Don't Cross the X

Description

Inspired by true events, Don't Cross the X is a heartbreaking story of a woman's tragic life after crossing paths with the local witch.

In 1919, twenty-two-year-old Pearl Hayes leads a blessed life with her husband and two sons in rural South Carolina. But when she crosses a large X etched into the dirt near a local blackberry field, she comes to find that she has entered into the realm of a force of evil she has no hope of stopping. Slowly, her life deteriorates, and through her misery she knows who is to blame: Hazel Sullivan—who is known, to the town of Walterboro, as a witch.

Eighty-two years later, in 2001, Pearl Hayes can no longer remember her past—all that she knows is the grief and longing she feels deep in her wounded heart. Then, when her estranged great-granddaughter and great-great-granddaughter come to visit her at her nursing home, the memories of her prior life come rushing back to her. At the end of her harrowing life, Pearl is desperate to tell her story to what is left of her family, and to deliver a warning: that the evil that took her life from her will come to take theirs, too.

Evocative, poignant, and heartbreaking, Don't Cross the X illustrates the indomitable strength of the human spirit in the face of despair.

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About the Author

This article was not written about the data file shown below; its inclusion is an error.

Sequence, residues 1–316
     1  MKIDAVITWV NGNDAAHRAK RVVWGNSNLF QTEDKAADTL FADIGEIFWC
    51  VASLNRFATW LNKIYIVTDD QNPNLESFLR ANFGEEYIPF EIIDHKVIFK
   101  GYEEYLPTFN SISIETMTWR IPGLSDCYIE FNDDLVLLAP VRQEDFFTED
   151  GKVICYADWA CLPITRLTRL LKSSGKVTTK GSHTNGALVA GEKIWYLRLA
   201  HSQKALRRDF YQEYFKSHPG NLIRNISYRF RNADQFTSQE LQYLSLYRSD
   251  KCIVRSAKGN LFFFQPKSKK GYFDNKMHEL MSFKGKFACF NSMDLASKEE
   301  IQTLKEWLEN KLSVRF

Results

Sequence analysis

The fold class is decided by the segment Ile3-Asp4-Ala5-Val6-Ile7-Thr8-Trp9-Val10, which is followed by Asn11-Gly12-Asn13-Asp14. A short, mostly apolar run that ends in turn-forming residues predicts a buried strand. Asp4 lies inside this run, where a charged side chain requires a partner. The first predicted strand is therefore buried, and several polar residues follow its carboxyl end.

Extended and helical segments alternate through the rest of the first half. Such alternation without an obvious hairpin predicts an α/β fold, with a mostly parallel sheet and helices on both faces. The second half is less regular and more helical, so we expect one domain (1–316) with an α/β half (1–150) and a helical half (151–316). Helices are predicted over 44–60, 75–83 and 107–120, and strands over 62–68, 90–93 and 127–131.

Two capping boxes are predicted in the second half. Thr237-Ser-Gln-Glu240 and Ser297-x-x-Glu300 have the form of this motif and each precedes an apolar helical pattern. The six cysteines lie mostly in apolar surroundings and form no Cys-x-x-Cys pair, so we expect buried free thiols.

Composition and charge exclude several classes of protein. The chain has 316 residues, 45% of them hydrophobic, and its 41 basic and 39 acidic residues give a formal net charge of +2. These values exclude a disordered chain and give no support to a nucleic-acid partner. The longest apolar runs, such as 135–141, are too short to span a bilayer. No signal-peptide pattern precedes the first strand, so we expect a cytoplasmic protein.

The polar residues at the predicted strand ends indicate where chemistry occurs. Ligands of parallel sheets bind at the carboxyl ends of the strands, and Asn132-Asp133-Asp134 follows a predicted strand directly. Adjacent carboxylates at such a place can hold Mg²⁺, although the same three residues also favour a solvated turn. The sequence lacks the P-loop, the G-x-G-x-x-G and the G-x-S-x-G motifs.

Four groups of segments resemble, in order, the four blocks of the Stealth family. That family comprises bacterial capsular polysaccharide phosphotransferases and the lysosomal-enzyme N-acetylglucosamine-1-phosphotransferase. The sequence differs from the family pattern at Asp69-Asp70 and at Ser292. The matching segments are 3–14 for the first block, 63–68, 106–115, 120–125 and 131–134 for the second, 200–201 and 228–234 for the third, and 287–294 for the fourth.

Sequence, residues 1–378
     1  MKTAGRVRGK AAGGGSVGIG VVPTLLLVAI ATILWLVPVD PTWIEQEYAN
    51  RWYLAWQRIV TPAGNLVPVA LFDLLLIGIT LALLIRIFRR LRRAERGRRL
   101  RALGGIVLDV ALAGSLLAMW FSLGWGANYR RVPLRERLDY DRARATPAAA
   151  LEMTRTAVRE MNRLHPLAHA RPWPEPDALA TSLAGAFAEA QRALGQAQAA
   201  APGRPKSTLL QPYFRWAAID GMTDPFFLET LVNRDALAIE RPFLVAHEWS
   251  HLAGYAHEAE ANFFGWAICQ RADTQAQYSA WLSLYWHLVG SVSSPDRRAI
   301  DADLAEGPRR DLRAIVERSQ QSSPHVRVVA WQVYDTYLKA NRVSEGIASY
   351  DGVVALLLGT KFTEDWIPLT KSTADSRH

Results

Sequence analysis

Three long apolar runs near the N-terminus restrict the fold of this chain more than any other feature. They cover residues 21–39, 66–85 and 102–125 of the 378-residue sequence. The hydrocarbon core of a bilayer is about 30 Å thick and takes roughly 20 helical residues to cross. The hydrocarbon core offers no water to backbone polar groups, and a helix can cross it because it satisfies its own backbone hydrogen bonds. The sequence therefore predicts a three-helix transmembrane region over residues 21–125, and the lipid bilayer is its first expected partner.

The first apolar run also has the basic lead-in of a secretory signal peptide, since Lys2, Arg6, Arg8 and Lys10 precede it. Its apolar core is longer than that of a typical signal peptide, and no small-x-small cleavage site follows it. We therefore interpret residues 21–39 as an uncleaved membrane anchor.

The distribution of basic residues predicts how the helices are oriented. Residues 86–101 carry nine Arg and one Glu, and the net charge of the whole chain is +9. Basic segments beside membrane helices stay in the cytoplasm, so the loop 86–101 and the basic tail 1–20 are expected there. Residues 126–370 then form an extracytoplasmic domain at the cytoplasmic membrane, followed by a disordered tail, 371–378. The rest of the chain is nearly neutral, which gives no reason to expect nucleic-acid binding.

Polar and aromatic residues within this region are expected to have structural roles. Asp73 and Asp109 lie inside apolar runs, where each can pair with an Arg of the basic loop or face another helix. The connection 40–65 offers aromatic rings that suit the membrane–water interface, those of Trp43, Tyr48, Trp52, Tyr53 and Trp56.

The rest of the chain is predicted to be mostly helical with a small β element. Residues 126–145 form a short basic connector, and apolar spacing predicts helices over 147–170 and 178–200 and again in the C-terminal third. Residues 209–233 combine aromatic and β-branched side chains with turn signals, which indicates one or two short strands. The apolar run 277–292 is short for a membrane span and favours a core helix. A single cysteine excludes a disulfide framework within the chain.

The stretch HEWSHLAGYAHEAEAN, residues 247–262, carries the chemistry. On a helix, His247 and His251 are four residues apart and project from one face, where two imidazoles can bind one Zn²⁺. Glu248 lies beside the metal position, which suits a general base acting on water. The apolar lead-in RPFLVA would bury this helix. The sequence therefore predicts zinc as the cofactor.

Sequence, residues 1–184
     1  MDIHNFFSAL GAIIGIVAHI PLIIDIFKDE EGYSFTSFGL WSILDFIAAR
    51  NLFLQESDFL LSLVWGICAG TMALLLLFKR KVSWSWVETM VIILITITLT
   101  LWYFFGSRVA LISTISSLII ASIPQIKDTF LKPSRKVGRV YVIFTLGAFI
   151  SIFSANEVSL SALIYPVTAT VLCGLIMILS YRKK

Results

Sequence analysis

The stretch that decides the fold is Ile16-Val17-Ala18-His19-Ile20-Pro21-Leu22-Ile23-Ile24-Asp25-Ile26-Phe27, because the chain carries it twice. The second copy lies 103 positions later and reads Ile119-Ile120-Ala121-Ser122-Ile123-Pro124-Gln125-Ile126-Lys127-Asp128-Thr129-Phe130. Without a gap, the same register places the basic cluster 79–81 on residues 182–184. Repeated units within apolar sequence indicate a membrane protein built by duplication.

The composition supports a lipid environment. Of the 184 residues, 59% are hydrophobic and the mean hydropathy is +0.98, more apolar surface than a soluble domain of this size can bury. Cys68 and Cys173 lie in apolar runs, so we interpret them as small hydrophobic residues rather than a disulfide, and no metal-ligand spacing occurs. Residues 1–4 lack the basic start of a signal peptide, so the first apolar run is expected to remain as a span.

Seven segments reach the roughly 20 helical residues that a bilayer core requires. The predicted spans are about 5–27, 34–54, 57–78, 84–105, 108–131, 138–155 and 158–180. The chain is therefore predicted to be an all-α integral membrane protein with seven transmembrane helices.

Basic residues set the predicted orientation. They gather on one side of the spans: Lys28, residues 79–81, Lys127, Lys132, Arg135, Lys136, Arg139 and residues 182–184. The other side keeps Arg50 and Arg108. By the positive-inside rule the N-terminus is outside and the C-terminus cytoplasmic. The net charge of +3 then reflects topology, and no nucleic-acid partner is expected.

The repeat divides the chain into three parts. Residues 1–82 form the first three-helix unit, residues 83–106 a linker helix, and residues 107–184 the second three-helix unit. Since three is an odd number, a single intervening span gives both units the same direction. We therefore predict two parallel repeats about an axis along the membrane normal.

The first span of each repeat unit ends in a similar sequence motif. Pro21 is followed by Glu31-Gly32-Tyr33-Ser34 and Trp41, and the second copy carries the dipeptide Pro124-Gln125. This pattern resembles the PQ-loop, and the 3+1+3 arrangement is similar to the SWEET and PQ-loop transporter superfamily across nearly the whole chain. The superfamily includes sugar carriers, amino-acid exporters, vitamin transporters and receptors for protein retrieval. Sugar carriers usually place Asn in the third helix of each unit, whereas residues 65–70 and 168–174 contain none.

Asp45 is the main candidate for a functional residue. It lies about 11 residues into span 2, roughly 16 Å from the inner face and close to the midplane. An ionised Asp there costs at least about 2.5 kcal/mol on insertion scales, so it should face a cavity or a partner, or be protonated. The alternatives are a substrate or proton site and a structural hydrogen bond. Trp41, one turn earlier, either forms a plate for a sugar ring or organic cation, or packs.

Author Name : Tina LePere

     

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My great grandfather was a Slave

My grandfather was a Native

My grandmother was a Bantu

My mother was a kaffir, Nigga, Negro

Names imposed by shackles

But an Afrakan I am

An identity my forefathers were deprived of

 

An identity I am now polluting with the fumes of cigarettes

In dope I am giving it another face

In ecstasy I am giving it a comical image

My drunken stupor gives it an unstable belonging

My borrowed accent contradicts what it represents

My imitated dress code conceals its beauty

My adopted religion undermines my intellectual prowess

My language deafens my ancestors

My values are valueless

My mind is discriminatory

It repels anything indigenous

Whilst absorbing all that is alien

None can identify with me

Even those I am emulating

Patriotism I reserve for my kind

I look down at my patriots

If I were xenophobic

I could have been my own victim

I pride myself in my slanted inferior education

An education promptly deleting my true history

Ignorance is my custom

I am dreaming dreams my forefathers cannot interpret

I am singing praise songs for my dying culture

I am branding a heritage

I cannot inherit

Knowledge of freedom is embedded in my subconscious

But suppressed by fear

Fear to develop my culture and identity

Fear to be rejected by the world

Fear to be different and still love myself

Yet with no identity I remain

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